Changing the angle ought to be straightforward enough. make the jig with a flat piece of MDF or plywood (as the original jig builder suggested) as a 'cutting deck' if I may call it that, but instead of fixing the edge at the pointy end, hinge it with two lengths of piano hinge, leaving a gap for the router cutter obviously. I would guess his jig's fixed angle was about 20 deg - you are not likely to be making a panel too far off that, maybe plus/minus 7 degrees or so? All you need do then is devise a solid clamping system to lock the cutting deck at your preferred angle - nuts and bolts, knobs, whatever you have.
I don't understand why you'd want to clamp it to the router table, since it will be pushing past the cutter. How you'll guide it consistently past the cutter will depend totally on your table and what sort of grooves, tracks or channels are in it - whatever is there will determine how you control the jig. Maybe...the original builder is just relying on the fence to keep it straight, notice that he has quite a long fence, and nothing seems to be running in the channels on the router table.
Here's his pic again for reference:
Have a go at it and refine as you learn - often I find the Mk II version of my jigs is when things begin to come right. Be careful not to have the router bit sticking up to an unsafe extent, or you'll end up with a custom bit to rout around corners like this one I invented:
On clamping the jig the OP is looking at... Because that one has legs/supports that would hit the bit if it moved. That jig is like a table extension, angling the table and having the bit through the table, so you slide the panel over the face of the jig as if it were the table..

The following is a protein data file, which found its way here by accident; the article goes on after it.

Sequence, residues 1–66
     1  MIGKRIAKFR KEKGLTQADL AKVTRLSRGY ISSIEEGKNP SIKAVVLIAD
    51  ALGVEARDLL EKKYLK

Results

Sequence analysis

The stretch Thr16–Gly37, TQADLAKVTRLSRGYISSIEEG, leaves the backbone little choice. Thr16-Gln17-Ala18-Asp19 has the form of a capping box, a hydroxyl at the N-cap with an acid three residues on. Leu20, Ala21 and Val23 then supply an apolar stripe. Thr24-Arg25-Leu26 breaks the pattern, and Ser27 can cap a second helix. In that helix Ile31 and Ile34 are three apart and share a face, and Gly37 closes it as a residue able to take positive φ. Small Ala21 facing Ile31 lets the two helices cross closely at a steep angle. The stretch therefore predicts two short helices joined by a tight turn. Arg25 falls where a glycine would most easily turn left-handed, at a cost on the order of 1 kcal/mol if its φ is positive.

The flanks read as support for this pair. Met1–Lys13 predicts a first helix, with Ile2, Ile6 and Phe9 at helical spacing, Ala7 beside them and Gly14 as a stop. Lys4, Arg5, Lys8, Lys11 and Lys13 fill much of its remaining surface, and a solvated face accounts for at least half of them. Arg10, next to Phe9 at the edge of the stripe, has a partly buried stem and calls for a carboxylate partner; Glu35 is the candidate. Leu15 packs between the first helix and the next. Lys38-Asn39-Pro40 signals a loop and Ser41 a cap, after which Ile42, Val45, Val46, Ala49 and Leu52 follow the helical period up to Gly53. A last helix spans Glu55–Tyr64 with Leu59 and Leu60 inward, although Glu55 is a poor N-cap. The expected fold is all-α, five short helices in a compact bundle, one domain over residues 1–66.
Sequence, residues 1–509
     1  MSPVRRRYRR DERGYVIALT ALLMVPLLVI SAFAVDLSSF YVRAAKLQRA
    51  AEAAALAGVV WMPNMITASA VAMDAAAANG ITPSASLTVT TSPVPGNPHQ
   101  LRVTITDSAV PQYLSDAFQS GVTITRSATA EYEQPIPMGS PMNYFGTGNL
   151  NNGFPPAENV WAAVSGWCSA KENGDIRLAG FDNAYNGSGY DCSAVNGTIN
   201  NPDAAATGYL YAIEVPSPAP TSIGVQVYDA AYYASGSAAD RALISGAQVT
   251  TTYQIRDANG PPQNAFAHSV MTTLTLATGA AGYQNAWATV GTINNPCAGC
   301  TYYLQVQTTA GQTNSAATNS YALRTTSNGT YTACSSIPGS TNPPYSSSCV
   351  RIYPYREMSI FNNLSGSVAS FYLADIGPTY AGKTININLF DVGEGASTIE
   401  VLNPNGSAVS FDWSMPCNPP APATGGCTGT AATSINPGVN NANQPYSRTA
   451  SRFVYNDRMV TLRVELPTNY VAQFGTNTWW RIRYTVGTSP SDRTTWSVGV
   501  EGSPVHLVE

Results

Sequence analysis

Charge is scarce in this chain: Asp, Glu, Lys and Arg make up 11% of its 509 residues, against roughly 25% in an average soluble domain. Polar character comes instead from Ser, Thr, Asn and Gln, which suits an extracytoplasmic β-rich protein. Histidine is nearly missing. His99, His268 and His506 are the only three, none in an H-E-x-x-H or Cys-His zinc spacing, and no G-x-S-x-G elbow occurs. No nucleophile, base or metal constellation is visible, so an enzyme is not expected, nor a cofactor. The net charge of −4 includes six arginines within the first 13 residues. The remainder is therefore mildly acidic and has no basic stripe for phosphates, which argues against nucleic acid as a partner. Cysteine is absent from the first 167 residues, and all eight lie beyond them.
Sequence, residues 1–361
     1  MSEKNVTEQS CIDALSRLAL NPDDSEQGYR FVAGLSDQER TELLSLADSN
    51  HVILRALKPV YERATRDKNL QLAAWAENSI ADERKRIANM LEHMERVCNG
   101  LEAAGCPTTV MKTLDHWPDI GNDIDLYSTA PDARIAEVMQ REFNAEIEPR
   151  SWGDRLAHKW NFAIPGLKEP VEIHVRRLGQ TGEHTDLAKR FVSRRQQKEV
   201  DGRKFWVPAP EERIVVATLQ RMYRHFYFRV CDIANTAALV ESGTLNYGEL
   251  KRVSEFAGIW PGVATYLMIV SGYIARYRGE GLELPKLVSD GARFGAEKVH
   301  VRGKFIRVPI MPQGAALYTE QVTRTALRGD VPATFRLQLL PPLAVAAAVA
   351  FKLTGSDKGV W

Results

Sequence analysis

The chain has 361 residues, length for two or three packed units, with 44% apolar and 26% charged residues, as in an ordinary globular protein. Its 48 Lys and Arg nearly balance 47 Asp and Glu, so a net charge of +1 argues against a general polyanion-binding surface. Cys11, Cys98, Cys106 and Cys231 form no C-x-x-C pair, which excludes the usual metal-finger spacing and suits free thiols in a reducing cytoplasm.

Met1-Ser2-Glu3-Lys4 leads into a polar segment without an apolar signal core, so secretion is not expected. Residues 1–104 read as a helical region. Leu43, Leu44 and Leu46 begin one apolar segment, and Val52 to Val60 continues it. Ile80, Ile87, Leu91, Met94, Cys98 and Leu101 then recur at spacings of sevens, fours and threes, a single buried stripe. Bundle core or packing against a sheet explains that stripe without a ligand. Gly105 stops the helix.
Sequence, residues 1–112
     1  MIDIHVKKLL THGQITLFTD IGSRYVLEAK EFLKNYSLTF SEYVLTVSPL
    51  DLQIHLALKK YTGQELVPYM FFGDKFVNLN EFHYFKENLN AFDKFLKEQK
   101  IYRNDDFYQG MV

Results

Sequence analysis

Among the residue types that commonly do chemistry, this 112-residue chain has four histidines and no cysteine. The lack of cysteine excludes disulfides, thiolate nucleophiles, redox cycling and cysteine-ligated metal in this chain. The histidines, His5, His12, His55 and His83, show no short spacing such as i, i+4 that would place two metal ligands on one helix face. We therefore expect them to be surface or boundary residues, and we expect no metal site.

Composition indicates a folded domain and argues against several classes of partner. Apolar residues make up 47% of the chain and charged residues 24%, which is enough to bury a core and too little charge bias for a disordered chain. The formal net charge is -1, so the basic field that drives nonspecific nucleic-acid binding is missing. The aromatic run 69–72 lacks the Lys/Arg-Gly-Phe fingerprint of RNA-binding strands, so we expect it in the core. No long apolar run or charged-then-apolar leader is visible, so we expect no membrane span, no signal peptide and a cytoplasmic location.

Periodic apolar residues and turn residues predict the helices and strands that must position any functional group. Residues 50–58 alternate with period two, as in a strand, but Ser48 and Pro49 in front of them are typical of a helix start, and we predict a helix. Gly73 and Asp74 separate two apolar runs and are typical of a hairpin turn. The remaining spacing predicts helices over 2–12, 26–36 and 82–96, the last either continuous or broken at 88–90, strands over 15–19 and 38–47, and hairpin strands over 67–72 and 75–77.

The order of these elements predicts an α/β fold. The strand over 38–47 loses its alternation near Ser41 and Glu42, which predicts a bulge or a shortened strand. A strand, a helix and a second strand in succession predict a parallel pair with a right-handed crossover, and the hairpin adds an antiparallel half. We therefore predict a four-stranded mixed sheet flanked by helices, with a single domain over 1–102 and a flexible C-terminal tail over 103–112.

From what you say, you seem to be used to the jig I'm used to which is an adjustable angle router jig (sled), which slides in the miter slot, the work extends over the lip of the sled over the bit at an angle and the work is clamped to the jig while it slides. You use piano hinge - I just use regular hinges.
Both jigs would do you. The jig you asked about would do you if you have a small table on your router table and your panels were long. IMHO- The one we mentioned would also work and might be more worthwhile to you in the long run. As being adjustable, if you find that the first angle you intended to use just doesn't look quite right to you (because it is too far or too close to the edge), you can change it, without having to build another fixed angle jig. And you can also re-use it for many other things.
Actually, that jig is just 2 pieces of rectangular stock hinged together on one side... 2 other pieces of stock cut long and narrow to drill a hole in one end (screwed to the bottom piece edge), other end with a slot that goes over a hanger bolt (and knob) in the upper piece to make it adjustable.
Tip on setting the angle? I just go over to my miter saw and cut 2 wedges of the angle I want, put it (temporarily) on each side, between the pieces of the jig and adjust to that. That way I know each side of it is even.
Good starting angle? 15 degrees on a panel jig is the most "often" used profile for creating panels, whether cabinets or doors... That creates a cut 75 degrees from the face -- 15 degrees from the edge/opposing side. How did I get that? << 90 degrees - 15 degrees = 75 degrees >>.
How long will that profile be??? Well since you have the angle (15 degrees) and your depth of cut... you could dig back to try to remember Geometry to use formulas in SOHCAHTOA and the Pythagorean Theorem... but personally, I just take a piece of scrap, cut the profile, see it, measure it and adjust from there. For me, that's a whole lot faster than me having to figure out the math.
Either jig, depending on the reach of your router, you might have to use a bit extension to get to the height you need to be. That is much safer that thinking you can just slide the bit out of the seat of the collet to get a little more reach... like it looks like John's example was. ::scary::
Alternately, this could also be made on a Table Saw. Using the same type of jigs (and a dado) --or-- a TS Raised Panel Jig --or-- by doing an asymmetric cove cut for the profile using a cove fence and then a dado cut to create the lip.